Review: BLACK MASS (2015)

By Darin Skaggs

The biopic and I were doing good, getting along first with the Martin Luther King Jr. film, Selma that dealt with how racism is sadly still relative problem in our society. Then came Love & Mercy which deals with mental illness as well as tells a compelling story about The Beach Boys front man Brian Wilson. Next the N.W.A movie, Straight Outta Compton is a lesser biopic, but many scenes effectively deal with common events that have happened in Ferguson recently. All these stories are told wonderfully mostly because they are told in creative and interesting ways and have something else to say. Scott Cooper’s Black Mass successfully tells you a story including one of the biggest crime bosses of all time, Whitey Bulger, but fails to accomplish to say anything else about society or what made Bulger tick.

The story follows James “Whitey” Bulger (played extremely well by Johnny Depp), for about twenty years as he becomes an infamous violent criminal as well as helps the FBI take down a part of the Mafia in exchange for years of the agents turning their backs to Bulger’s crimes. The leader of this whole operation, John Connolly (Joel Edgerton) is the biggest supporter for Bulger assisting in the FBI and becomes too involved to back out. Everyone else however are skeptical in keeping Whitey as team player as they know what he has done and what he is capable of.   Eventually the whole system comes crashing down which leads to the arrest of many of Bulger’s people, including Connolly, who are being interrogated as a storytelling device to tell the criminal life of Whitey Bulger.

If this film has one aspect going for it, it is the acting. Depp is fantastic and the best any of us has seen him in years. Edgerton does great as well. Those two actors really carry the piece. This whole film is filled with actors that are usually the best part of the movies they are in like Benedict Cumberbatch, Jesse Plemons, Kevin Bacon, Dakota Johnson and Rory Cochrane. They all do great work with the lack luster script they have been given. Yet, the acting is so good, but cannot even trick you into thinking that this is a good movie. It becomes more and more evident that this is just a biopic that is only interested in telling you the facts of a man’s life rather than exploring what makes this man the way that he is.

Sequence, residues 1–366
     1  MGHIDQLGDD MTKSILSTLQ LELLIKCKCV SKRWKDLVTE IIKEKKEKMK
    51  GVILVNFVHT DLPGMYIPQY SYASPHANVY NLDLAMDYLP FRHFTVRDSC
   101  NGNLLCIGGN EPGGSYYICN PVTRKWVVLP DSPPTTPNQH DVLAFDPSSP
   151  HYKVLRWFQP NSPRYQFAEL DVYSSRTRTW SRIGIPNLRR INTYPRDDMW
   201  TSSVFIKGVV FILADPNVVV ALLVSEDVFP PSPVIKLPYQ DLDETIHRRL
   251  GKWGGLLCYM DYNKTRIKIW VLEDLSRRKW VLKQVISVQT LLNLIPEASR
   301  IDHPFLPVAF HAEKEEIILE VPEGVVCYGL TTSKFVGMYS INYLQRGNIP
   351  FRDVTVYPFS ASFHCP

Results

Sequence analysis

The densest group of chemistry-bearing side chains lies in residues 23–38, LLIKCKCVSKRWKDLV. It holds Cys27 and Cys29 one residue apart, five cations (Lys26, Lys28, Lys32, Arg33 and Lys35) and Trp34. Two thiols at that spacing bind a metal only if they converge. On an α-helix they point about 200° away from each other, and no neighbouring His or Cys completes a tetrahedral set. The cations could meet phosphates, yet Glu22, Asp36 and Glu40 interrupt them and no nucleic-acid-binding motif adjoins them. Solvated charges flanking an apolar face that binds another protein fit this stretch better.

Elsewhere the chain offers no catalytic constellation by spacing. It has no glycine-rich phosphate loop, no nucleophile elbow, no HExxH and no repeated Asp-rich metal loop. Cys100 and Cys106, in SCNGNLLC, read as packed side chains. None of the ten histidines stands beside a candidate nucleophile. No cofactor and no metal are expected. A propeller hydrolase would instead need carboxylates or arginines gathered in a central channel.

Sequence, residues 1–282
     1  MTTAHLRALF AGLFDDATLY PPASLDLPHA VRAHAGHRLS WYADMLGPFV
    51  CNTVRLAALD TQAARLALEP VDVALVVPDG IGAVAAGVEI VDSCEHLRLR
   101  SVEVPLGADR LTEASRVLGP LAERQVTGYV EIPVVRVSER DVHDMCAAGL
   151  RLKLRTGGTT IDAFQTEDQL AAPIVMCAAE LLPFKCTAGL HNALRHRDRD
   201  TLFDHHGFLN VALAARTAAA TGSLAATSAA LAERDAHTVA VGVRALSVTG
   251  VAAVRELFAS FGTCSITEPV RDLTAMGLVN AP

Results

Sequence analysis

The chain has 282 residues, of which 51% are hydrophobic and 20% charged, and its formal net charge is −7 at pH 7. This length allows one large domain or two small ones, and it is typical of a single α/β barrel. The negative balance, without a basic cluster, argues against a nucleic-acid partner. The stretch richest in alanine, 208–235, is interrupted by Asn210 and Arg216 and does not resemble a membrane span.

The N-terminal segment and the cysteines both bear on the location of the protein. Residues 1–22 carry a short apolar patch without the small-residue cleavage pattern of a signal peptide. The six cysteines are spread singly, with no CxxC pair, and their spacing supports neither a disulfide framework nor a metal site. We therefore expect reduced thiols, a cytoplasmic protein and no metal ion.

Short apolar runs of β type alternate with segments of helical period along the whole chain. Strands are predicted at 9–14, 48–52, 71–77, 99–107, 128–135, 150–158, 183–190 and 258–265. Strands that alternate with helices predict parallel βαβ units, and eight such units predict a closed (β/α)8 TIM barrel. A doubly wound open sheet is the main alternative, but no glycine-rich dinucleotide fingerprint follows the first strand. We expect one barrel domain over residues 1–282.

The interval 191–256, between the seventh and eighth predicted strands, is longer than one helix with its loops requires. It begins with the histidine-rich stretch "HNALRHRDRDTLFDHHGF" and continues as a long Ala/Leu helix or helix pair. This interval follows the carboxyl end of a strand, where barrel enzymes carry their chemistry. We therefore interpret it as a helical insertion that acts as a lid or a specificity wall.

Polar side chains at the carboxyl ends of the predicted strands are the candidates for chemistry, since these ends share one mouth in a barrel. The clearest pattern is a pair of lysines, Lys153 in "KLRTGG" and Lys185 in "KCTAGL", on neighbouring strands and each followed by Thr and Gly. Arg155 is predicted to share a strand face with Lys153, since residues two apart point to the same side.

Bulger in the early eighties lost both his son and his mother in only a few years. This seems to be attempting to explore the dark nature of Bulger, but it doesn’t go too far to find out what made him so cold and seemingly heartless. He becomes sad about his family members passing, then continues to be a crime boss. Not long after that the movie only becomes interested at the downfall of Whitey and this team throughout the remaining years and not very remarkable one at that. The only part that does work well in the movie is the acts of violence that come out of nowhere. Again the acting is a big part of why these scenes work, the determination on Depp’s face along with the sense of apathy while he is committing these acts of violence is telling. All the while his partners seem to be more and more disturbed throughout and at the same time seem they are trying not to give off the sense of fear they have if they were to cross Bulger on the wrong day.

Black Mass has a number of performances that should be remembered for as great. Sadly there is not much else going for it. It is just a run of the mill biopic complete with uninteresting title cards at the end that wrap up everyone’s story because we have to make the runtime shorter.

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